Torture

The World Medical Association's Declaration of Tokyo in 1975 defined torture as "the deliberate, systematic or wanton infliction of physical or mental suffering by one or more persons acting alone or on the orders of any authority, to force another person to yield information, to make a confession, or for any other reason" (9). The declaration also established guidelines for doctors when faced with cases of suspected torture. Clinicians view torture in two main contexts: first, torture that is perpetrated by criminals and terrorist organizations, and second, torture that is carried out, or allegedly carried out, by the police or other security force personnel during the detention and interrogation of prisoners and suspects. Nonjudicial justice is now meted out worldwide in several ways.

Criminal groups and paramilitary organizations may torture their captives for numerous reasons. It may be to extract information from an opposing gang or faction, to discipline informants and others engaged in unsanctioned criminal activity, or simply to instill fear and division within a community. The methods used are crude and barbaric. The victim is usually bound, blindfolded, and gagged, and the wrists and ankles may bear the pale streaky linear bruises and abrasions caused by ligatures. "Beating up" is typical, with extensive bruises and abrasions scattered on the head, trunk, and limbs. Black eyes, fractures of the nose and jaws, and dislodgment of the teeth are all fairly typical. Cigarette burns, usually seen as discrete circular areas of reddish-yellow, parchmented skin, are also quite common. Patterned injuries resulting from being struck with the butt of a gun or tramline bruising owing to blows with a truncheon or baseball bat may be seen; in Northern Ireland, shooting through the lower limbs ("knee-capping") is a favored method of punishment by paramilitary organizations.

Systematic torture by security personnel, usually during interrogation of suspects, ranges from the subtle use of threats and intimidation to physical violence. Hooding, prolonged standing, and the use of high-pitched sound have all been used, as have attempts to disorientate prisoners by offering food at erratic times, frequent waking up after short intervals of sleep, and burning a light in the cell 24 hours a day. Physical abuse includes beating of the soles of the feet, so-called falanga, which, although extremely painful and debilitating, does not usually cause any significant bruising. Repeated dipping of the victim's head under water, known as submarining, may prove fatal if prolonged, as can the induction of partial asphyxia by enveloping the head in a plastic bag.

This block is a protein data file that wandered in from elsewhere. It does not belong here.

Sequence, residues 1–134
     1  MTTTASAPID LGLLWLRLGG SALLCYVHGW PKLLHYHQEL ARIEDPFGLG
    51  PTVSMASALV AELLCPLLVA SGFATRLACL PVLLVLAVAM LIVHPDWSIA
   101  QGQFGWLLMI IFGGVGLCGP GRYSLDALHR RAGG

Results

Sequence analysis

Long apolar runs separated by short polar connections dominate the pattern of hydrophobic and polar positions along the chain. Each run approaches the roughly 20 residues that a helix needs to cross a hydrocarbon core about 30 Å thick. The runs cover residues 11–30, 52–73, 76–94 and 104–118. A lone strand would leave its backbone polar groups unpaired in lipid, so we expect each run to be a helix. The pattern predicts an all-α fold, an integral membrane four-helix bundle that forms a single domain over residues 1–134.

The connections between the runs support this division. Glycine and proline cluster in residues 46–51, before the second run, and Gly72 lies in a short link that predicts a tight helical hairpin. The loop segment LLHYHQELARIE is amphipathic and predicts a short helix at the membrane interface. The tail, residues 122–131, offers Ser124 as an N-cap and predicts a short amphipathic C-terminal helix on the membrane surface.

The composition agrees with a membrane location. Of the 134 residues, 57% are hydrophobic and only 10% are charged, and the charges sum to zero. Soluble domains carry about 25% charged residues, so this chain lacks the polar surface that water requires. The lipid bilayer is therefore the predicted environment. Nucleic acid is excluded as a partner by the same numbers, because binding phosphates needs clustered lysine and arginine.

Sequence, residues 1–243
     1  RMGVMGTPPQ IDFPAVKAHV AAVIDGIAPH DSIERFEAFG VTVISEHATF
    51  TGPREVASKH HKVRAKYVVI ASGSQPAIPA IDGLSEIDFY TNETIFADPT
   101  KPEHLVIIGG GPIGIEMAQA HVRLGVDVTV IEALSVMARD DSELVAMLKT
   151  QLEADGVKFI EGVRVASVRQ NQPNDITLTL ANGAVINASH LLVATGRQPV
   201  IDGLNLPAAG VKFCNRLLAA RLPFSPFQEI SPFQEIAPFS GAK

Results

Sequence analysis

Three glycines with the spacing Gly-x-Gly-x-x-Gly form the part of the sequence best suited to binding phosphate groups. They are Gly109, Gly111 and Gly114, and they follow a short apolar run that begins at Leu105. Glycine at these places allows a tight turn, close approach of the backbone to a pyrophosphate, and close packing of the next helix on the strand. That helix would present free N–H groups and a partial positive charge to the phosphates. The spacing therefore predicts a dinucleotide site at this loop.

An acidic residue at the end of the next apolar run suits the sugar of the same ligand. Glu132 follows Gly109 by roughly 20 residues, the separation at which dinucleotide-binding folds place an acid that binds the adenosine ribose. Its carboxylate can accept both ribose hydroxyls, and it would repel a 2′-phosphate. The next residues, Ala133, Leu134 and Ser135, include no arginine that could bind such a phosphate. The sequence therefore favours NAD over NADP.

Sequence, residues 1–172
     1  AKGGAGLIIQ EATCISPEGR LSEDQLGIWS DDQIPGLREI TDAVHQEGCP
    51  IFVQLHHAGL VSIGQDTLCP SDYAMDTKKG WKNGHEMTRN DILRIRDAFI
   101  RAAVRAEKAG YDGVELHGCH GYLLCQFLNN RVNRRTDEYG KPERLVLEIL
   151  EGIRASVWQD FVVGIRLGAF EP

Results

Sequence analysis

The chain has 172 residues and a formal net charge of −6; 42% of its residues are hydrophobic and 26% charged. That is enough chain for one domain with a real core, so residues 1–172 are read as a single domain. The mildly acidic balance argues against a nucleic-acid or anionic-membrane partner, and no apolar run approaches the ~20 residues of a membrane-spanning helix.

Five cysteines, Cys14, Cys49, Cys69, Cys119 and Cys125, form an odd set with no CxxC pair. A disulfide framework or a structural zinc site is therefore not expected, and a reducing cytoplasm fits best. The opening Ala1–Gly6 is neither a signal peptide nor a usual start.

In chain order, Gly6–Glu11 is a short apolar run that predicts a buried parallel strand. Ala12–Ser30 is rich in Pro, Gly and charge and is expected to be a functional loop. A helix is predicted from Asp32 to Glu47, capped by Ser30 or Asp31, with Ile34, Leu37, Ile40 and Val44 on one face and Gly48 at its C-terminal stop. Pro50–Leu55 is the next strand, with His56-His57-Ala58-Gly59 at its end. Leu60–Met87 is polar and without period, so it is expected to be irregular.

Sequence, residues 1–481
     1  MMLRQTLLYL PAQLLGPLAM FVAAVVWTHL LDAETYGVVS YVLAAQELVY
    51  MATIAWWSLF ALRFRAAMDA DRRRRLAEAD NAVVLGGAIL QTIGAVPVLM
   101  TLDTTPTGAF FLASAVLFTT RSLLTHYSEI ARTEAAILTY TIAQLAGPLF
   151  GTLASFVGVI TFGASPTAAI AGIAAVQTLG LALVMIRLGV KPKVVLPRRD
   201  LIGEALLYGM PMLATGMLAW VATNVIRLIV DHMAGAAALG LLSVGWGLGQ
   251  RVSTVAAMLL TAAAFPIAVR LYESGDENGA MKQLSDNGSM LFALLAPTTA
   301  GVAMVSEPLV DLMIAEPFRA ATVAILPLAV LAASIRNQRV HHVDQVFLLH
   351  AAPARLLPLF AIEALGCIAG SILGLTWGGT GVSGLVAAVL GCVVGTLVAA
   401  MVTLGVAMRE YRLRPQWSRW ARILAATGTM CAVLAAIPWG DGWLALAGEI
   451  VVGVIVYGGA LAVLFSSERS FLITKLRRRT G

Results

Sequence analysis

Electric torture is well documented and carries the risk of local electric shocks and fatal electrocution. Telefono, as it is known in Latin America, consists of repeated slapping of the sides of the head by the open palms, resulting in tympanic membrane rupture.

Doctors who have access to prisoners in custody have a heavy responsibility to ensure that they are properly treated during detention and interrogation. In all cases of suspected or alleged ill-treatment of prisoners, it is essential that the doctor carry out a methodical and detailed "head-to-toe" examination. All injuries and marks must be accurately recorded and photographed, and the appropriate authorities must be informed immediately. Increasingly, forensic physicians are involved in assessments of refugees and asylum seekers to establish whether accounts of torture (both physical and psychological) are true. This role is likely to expand in the future, and the principles of independent assessment, documentation, and interpretation are, as with other areas discussed, vital in ensuring that courts and tribunals have the appropriate information to allow fair judgments to be reached (1).

Baseball For Boys

Baseball For Boys

Since World War II, there has been a tremendous change in the makeup and direction of kid baseball, as it is called. Adults, showing an unprecedented interest in the activity, have initiated and developed programs in thousands of towns across the United States programs that providebr wholesome recreation for millions of youngsters and are often a source of pride and joy to the community in which they exist.

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